Reviewed by Margaret Tomlinson
The Game of Kings, set in Scotland during the reigns of two child-monarchs, Mary Queen of Scots and Edward VI of England, takes place within a tapestry of warfare and political maneuvering among English and Scottish nobility for the control of Scotland. Henry VIII had wanted his son Edward to marry Mary and bring Scotland under English control. When the Scots resisted, he waged war on them to force the marriage; after his death, the war - known as the "Rough Wooing" - continued.
On this background, the devilishly complex tale of the fictional Scottish aristocrat Francis Crawford of Lymond plays out. The novel begins with rumors of his return to Scotland after living abroad to avoid a charge of treason. Young Will Scott, entranced by Lymond's charm, brilliance and daring, defies his father to joins Lymond's band of outlaws, and becomes increasingly disturbed by Lymond's ruthlessness in pursuing his goals. And what are those goals? Is Lymond indeed a traitor, or the most patriotic of Scots? Readers will find themselves in Will Scott's quandary, admiring Lymond, rooting for him to survive a series of reckless adventures in which his motives and ends are often unclear, and hoping that in the end, their admiration can be justified - or at least excused.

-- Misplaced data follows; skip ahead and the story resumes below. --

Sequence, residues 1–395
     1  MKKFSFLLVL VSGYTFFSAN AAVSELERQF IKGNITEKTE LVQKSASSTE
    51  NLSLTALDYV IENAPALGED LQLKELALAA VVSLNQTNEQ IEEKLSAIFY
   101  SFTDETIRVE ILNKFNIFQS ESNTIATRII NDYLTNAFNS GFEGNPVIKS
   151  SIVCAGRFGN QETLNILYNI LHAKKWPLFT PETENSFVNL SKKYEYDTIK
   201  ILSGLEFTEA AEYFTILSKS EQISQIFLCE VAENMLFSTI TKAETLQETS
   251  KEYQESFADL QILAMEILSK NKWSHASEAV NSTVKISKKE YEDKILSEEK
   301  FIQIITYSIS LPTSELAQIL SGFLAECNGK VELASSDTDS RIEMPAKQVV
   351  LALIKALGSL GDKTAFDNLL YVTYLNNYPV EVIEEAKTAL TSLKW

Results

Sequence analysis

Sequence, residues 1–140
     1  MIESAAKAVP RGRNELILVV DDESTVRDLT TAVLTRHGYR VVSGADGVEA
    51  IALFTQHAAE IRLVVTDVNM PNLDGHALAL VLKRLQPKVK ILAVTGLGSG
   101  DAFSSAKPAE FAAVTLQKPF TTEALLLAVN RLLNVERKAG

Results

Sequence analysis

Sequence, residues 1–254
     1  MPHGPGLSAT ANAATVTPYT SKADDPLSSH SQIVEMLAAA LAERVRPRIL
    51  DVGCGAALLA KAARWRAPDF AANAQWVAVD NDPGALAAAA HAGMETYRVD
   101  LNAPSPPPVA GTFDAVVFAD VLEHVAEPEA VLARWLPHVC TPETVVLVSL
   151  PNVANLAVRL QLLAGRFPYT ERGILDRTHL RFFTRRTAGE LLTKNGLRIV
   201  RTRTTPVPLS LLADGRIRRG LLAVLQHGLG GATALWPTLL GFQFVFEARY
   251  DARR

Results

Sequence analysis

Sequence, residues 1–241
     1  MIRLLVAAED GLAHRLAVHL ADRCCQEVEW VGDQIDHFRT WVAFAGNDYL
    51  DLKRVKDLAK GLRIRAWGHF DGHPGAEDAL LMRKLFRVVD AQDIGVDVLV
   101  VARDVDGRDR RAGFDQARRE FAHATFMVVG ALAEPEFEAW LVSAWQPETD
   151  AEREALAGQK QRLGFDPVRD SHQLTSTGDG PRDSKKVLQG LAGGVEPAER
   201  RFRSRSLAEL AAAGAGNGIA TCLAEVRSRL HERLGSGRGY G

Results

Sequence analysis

The Game of Kings is filled with brilliantly drawn, memorable characters, including some exceptional women, among them Lymond's resourceful mother and the gentle, keenly intelligent blind girl Christian Stewart. These and other characters are rich enough to carry the novel on their own if readers get lost in the complex interweaving of plot threads. Some readers will relish the challenge of following those threads, the pattern of which becomes clearer as the novel progresses and readers come to know the characters more intimately. Readers who become passionate Dunnett fans after reading this novel will be happy to know there are five more in the Lymond series. (1961; 543 pages)More about The Game of Kings at Powell's Books or Amazon.com